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Packers vs. Patriots: Two Must-Win Matchups

The Green Bay Packers have been dominant at home. (In regular-season play, anyway.) Here are two keys to beating the New England Patriots.
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GREEN BAY, Wis. – The Green Bay Packers have won 14 consecutive home games entering Sunday’s game against the New England Patriots.

Lost in the fog of back-to-back playoff debacles, the Packers have dominated at Lambeau Field, whether the tundra was frozen or a lush green. Since 2000, only two teams have won at least 15 in a row at home: the Patriots, who did it three times, and the St. Louis Rams.

In the Matt LaFleur era, the Packers are 23-2 at home. That’s four more wins (and five fewer losses) than any other team, with the Kansas City Chiefs 19-7.

With a victory over the Patriots on Sunday, Green Bay would earn its 250th victory at Lambeau Field. That’s the most wins at one stadium in NFL history. For that to happen, the Packers must win these two matchups.

Packers on Offense: Bakhtiari and Jenkins vs. Judon and Wise

In time, the Packers hope David Bakhtiari and Elgton Jenkins will be the bookend tackles that power the offense. That time might not be now. Coming off their knee injuries, Jenkins will make his third start and Bakhtiari will make his second. They’ve drawn the touch matchups against Patriots edge rushers Matthew Judon and Deatrich Wise.

A seventh-year pro coming off a third consecutive Pro Bowl season, Judon has three sacks. He had a career-high 12.5 sacks last season and led the NFL in quarterback hits in 2019. A sixth-year pro, Wise has four sacks – one off his career high – including three last week vs. Baltimore.

Judon, from Division II Grand Valley State, and Green Bay’s Rashan Gary are one of four players in the league with a sack in each of the three games.

Judon mostly has lined up on the defense’s left this season, meaning frequent matchups against Jenkins. That would pit Wise vs. Bakhtiari.

“A lot of things in their schemes, they’re trying to create one-on-one matchups,” offensive coordinator Adam Stenavich said. “(Judon) is a really, really good pass rusher. He’s long, he’s fast, he’s big, he’s got all the tools. When he comes off the edge, he can be a big problem. We’ve got to be ready for that. I know our guys are getting ready for him.”

Packers on Defense: Tackling Patriots’ Running Backs

In terms of name recognition and hype, New England’s Rhamondre Stevenson and Damien Harris aren’t exactly Aaron Jones and AJ Dillon. But they are one of the more effective running back tandems in the NFL.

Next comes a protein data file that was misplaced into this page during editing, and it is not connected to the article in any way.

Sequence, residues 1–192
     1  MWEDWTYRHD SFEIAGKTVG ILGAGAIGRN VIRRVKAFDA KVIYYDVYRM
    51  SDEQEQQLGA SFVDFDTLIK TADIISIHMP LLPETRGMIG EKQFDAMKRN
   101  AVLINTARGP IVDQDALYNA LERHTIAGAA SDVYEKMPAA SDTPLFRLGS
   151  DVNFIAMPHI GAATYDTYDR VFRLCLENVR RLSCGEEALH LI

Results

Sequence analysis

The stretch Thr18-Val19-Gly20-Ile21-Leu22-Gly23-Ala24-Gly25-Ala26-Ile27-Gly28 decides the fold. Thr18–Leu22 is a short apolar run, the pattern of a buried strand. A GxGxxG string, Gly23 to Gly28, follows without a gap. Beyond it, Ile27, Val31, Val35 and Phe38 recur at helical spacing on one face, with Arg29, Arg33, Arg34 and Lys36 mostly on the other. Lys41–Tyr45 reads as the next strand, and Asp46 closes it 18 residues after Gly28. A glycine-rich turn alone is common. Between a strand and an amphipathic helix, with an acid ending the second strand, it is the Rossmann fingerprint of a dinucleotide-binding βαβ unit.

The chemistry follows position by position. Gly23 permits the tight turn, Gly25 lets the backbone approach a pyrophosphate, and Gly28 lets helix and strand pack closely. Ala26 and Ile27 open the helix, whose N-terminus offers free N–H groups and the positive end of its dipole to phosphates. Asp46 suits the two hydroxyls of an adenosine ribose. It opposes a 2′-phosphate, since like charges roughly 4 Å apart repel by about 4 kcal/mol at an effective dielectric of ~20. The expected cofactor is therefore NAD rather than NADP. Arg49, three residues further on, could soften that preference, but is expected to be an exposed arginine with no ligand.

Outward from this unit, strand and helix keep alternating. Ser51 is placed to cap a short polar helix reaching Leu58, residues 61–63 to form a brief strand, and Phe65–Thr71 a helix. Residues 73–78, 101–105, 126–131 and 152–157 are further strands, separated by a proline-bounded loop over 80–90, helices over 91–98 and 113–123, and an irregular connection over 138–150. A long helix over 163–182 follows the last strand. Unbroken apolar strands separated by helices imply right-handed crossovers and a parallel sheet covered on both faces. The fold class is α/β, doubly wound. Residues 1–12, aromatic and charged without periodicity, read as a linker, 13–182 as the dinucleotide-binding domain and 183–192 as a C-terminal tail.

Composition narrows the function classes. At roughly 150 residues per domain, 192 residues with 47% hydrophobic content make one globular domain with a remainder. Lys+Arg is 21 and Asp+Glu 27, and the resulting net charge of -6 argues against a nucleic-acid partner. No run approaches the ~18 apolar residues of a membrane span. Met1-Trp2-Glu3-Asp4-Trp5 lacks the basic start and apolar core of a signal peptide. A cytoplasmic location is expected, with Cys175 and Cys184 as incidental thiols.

Harris, a third-round pick in 2019 who is coming off a career season of 929 rushing yards and 15 rushing touchdowns, has 160 rushing yards (4.6 average) and six receptions. Stevenson, a fourth-round pick last year who rushed for 606 yards as a rookie, has 145 rushing yards (5.0 average) and seven receptions.

One of the things that Green Bay did really well last week was tackle Buccaneers running back Leonard Fournette. One of the better backs in the league, Fournette was limited to 35 yards on 12 carries with a long run of just 6 yards. According to Pro Football Focus, Fournette broke one tackle and averaged 1.92 yards after contact. That’s big-time run defense.

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Stevenson and Harris aren’t prolific tackle-breakers. Jones has more broken tackles (16) on half as many carries (32) as Stevenson (eight on 29 carries) and Harris (six on 35 carries) combined (14 on 64 carries). What they do is consistently gain more yards than provided by the blockers. According to PFF, 38 backs have at least 25 carries. Stevenson ranks fifth with 4.17 yards after contact per carry and Harris ranks 14th with 3.46 yards after contact per carry.

“Their backs run really hard,” LaFleur said.

Football can be so easy to figure out that it’s cliché, but the Packers have to stop the run. If they can’t, it will open things up in the deep passing game. The Patriots do like dialing long distance. Patriots quarterback Mac Jones, who might try to play through a high-ankle sprain, entered Week 4 leading the NFL in completions (10) and yards (324) on deep passes, according to PFF.

“Both of them can do everything,” safety Adrian Amos said of Stevenson and Harris. “They’ve got good vision and they’ve both been playing really well. We’ve got to stop the run early.”

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